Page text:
How ICICI Bank Bridged The Gap With HDFC Bank On These Key Metrics
India’s two largest private lenders have bitten at each other’s ankles for decades now. If ICICI Bank Ltd. led India’s retail growth story in the late 1990s and the early 2000s, then HDFC Bank Ltd. was the pick of the pack in the post financial crisis period for more consistent performance.
It is now increasingly looking like it is ICICI’s moment in the sun once again.
The fourth-quarter earnings have thrown up a convergence in key metrics between the two lenders. Where HDFC Bank has led for years now, ICICI Bank is catching up.
The convergence even prompted Macquarie analysts to say that ICICI Bank may be the "next HDFC Bank", implying it may be the new "best in class".
Net Interest Margins Converge
One key metric where ICICI Bank has caught up with its larger peer is net interest margins. This is the difference between the interest earned and interest paid by a bank. Simply put, it captures the effectiveness of a bank's lending and eventually feeds into the net interest income or core income it earns.
A number of factors ranging from the mix of loans to the non-performing assets go into the final NIM earned by a lender.
Over the past three years, ICICI Bank has steadily seen its NIM improve from 3.19% to 4%. In contrast, HDFC Bank's NIM has fallen from 4.40% to 4% now.
One factor has been good traction in ICICI Bank's chosen growth areas. ICICI Bank has chosen to grow its retail book more aggressively than HDFC Bank during the pandemic. Much of this growth has come from mortgages. Retail loans, excluding rural credit, make up 43.8% of ICICI Bank's loan book. HDFC Bank's retail loan book is at 39%.
In addition, ICICI has also reduced share of the lower margin international business to under 10% of its portfolio now.
This altered loan mix has aided margins.
“Retail growth (ex-rural) was strong at 20% on a yearly basis, driven by secured mortgages and unsecured cards/personal loans. SME and business banking has also clocked strong growth, though on a low base," said Anand Dama, senior research analyst at Emkay Global Financial Services, in a report on Monday. “Thus, NIM improved 16 basis points yearly to 4% including domestic NIM at an all-time high of 4.1%."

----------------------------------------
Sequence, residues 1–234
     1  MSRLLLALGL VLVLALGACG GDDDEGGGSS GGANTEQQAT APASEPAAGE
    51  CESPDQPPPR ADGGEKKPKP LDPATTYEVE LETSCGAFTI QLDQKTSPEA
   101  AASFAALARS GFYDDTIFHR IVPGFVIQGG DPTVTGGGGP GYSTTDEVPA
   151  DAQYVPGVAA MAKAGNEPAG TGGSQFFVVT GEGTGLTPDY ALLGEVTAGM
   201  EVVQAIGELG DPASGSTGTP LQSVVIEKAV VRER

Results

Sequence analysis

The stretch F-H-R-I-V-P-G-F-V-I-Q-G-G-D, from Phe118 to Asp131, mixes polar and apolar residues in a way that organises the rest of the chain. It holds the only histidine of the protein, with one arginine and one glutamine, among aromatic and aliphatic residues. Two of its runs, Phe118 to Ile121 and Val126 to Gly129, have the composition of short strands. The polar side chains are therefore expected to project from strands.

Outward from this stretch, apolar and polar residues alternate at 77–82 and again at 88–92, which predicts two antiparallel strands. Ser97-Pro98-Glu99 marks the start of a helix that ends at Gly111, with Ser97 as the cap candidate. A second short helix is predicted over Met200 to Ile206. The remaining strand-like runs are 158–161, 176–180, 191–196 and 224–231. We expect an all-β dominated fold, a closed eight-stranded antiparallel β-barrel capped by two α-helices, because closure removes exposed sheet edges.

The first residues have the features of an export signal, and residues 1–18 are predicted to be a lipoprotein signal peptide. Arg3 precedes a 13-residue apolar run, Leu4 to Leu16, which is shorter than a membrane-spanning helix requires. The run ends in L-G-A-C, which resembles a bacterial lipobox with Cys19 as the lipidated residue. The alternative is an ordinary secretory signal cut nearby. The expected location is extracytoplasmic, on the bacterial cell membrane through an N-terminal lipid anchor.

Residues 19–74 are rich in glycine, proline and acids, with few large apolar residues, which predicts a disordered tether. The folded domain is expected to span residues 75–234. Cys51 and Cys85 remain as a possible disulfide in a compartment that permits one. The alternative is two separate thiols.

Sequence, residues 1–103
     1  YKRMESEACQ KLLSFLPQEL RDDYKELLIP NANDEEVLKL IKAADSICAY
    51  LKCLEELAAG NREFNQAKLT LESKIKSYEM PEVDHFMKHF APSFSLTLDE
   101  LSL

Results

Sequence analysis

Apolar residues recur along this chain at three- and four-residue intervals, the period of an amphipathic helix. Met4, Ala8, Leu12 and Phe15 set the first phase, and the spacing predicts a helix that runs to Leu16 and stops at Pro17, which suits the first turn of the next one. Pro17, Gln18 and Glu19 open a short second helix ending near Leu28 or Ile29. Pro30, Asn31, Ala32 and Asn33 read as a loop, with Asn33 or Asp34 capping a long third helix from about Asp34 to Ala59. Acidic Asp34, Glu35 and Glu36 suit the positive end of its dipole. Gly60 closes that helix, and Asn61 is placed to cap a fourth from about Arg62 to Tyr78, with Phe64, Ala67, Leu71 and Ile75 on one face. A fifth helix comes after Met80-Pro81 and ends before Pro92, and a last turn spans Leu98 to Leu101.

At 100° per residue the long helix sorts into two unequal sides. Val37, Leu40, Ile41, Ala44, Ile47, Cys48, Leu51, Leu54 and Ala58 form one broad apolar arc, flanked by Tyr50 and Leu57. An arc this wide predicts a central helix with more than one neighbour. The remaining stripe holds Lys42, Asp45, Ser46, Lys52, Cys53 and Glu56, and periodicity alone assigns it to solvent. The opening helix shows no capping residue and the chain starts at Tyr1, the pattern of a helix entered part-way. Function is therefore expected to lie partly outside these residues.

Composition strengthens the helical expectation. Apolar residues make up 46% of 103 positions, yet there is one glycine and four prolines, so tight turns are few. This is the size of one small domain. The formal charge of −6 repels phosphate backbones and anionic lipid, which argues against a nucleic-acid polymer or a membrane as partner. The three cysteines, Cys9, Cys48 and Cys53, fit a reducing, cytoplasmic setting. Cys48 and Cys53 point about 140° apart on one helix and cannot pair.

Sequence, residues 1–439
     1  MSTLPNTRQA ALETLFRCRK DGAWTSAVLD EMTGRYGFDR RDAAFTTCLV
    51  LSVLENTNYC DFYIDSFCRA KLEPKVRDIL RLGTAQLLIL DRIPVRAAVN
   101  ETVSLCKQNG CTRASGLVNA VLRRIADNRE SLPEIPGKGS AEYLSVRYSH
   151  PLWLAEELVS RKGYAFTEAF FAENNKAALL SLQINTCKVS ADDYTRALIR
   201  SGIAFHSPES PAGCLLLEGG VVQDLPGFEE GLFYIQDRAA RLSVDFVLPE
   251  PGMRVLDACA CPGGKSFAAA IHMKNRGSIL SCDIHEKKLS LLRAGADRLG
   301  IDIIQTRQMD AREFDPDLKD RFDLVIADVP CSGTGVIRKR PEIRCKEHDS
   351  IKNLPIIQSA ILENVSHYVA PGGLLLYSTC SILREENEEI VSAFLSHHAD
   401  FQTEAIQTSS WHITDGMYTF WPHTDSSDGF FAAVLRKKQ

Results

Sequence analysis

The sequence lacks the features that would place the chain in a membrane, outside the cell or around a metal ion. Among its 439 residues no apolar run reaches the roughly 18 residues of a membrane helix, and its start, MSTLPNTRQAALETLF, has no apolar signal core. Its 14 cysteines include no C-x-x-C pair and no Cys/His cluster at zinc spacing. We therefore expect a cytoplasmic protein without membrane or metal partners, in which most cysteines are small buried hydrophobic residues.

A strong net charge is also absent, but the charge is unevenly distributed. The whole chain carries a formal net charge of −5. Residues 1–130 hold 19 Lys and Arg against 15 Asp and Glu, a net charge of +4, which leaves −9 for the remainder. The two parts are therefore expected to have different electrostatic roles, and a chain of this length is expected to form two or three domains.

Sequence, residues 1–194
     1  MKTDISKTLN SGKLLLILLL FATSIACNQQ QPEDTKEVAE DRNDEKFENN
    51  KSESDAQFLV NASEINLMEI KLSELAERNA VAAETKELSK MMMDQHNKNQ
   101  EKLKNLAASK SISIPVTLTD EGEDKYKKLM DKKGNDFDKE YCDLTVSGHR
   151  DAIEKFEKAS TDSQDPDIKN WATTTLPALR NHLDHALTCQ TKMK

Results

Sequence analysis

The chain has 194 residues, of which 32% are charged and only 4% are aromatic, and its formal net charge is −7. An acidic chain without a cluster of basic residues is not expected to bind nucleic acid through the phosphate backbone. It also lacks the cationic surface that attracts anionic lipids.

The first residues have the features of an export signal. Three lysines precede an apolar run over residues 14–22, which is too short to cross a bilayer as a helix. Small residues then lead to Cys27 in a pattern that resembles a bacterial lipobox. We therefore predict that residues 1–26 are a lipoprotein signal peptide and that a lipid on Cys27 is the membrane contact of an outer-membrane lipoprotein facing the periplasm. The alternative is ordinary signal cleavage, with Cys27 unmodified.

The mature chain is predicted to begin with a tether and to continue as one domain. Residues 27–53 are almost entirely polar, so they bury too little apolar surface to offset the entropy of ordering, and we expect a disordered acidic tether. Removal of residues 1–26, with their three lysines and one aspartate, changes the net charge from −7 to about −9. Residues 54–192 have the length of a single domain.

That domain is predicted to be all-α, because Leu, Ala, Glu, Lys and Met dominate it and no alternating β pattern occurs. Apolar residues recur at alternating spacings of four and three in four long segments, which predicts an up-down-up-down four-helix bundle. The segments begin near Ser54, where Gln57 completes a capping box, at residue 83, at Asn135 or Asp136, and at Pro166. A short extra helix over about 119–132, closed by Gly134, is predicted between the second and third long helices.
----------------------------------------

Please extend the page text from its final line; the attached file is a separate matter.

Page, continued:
We see further room for margin improvement given ICICI Bank's continued focus on the high-margin retail, SME and business banking portfolio, along with a higher share of floating rate book at 70% (41% and 22% being repo- and MCLR-linked, respectively) in a rising interest-rate scenario.Anand Dama, Analyst, Emkay Global Financial Services
Ashutosh Mishra, head of research-institutional equity at Ashika Stock Broking, attributed the convergence in margins to three factors. These include a substantial decline in gross non-performing assets, improvement in cost of funds and change in loan mix.
“ICICI has reached close to HDFC Bank's NIM. Their NIMs were around 2.5-3% in the past and has now leapfrogged to 4%," said Mishra, adding that margins may peak at 4.1-4.4%.
Alongside an improved loan mix, ICICI Bank has also steadily improved its deposit mix.
Share of lower cost current account and savings account deposits for the bank has risen to 45% as of the fourth quarter. This, too, is close to HDFC Bank which has a CASA ratio of 48%.
Improving Return On Assets, Equity
The improvement in margins has contributed to better return on assets and equity. The former shows how profitable a bank's assets are, while the latter measures how efficiently shareholder funds are put to use.
ICICI Bank, which has seen swings in both metrics over the years, has now seen them settle at higher levels comparable to HDFC Bank's. Robust loan growth, lower non-performing assets, improved operating profits and a strong deposit franchise have helped improve the bank's return on assets and return on equity.
The bank's return on equity could rise further to 16-17%, said Dama. This is based on the expectation of healthy credit growth of 19-21%, improved margins and lower loan loss provisions. "Any potential one-off gains from the ICICI Lombard stake sale to meet regulatory guidelines could further prop up RoEs,” Dama said.
According to Motilal Oswal, ICICI Bank will be able to deliver a return on assets of 1.9% and a return on equity of 16.3% by FY24.
With key metrics improving, ICICI Bank has also managed to close the gap with the largest private sector bank on valuations.
Since the pandemic low of Rs 287 per share on April 3, 2020, ICICI Bank's stock has risen to Rs 755 as on Monday. HDFC Bank has seen more muted gains from Rs 814 apiece then to Rs 1,370 now.
This has meant that the price-to-book ratio at which ICICI Bank trades at is now is also converging with that of HDFC Bank. It could trade at even better multiples, according to Macquarie Research.
ICICI trades at a core price-to-book value of 2.3-times FY23 estimated earnings. We believe this is cheap for its return on assets of 1.8%, Macquarie said.
Improved management may also impact ICICI Bank's valuations favourably.
“ICICI Bank under Sandeep Bakhshi has consistently outperformed peers on all business metrics and has weathered the asset quality storm during Covid, despite being heavy on retail. Bank has delivered all-time high margins, RoA and RoE, which has been an outcome of a differentiated management approach to focus on profitable growth,” said Dama.